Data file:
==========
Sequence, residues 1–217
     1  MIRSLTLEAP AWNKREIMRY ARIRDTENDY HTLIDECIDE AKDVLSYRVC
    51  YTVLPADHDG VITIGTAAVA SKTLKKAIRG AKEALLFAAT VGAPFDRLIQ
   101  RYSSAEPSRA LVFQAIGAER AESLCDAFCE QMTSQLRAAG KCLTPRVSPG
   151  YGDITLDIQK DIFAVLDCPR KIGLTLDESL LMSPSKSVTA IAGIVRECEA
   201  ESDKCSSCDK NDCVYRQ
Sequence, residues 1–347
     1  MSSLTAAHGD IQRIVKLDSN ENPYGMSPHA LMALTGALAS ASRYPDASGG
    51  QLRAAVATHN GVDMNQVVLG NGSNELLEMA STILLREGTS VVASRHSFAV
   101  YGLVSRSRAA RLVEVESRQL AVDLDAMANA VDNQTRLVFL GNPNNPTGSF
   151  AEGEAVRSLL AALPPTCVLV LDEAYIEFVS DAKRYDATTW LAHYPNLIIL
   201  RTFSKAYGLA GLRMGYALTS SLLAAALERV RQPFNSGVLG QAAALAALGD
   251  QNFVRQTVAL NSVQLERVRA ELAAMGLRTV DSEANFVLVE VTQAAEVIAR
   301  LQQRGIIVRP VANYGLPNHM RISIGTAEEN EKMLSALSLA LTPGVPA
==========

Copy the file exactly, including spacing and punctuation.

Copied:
Sequence, residues 1–217
     1  MIRSLTLEAP AWNKREIMRY ARIRDTENDY HTLIDECIDE AKDVLSYRVC
    51  YTVLPADHDG VITIGTAAVA SKTLKKAIRG AKEALLFAAT VGAPFDRLIQ
   101  RYSSAEPSRA LVFQAIGAER AESLCDAFCE QMTSQLRAAG KCLTPRVSPG
   151  YGDITLDIQK DIFAVLDCPR KIGLTLDESL LMSPSKSVTA IAGIVRECEA
   201  ESDKCSSCDK NDCVYRQ
Sequence, residues 1–347
     1  MSSLTAAHGD IQRIVKLDSN ENPYGMSPHA LMALTGALAS ASRYPDASGG
    51  QLRAAVATHN GVDMNQVVLG NGSNELLEMA STILLREGTS VVASRHSFAV
   101  YGLVSRSRAA RLVEVESRQL AVDLDAMANA VDNQTRLVFL GNPNNPTGSF
   151  AEGEAVRSLL AALPPTCVLV LDEAYIEFVS DAKRYDATTW LAHYPNLIIL
   201  RTFSKAYGLA GLRMGYALTS SLLAAALERV RQPFNSGVLG QAAALAALGD
   251  QNFVRQTVAL NSVQLERVRA ELAAMGLRTV DSEANFVLVE VTQAAEVIAR
   301  LQQRGIIVRP VANYGLPNHM RISIGTAEEN EKMLSALSLA LTPGVPA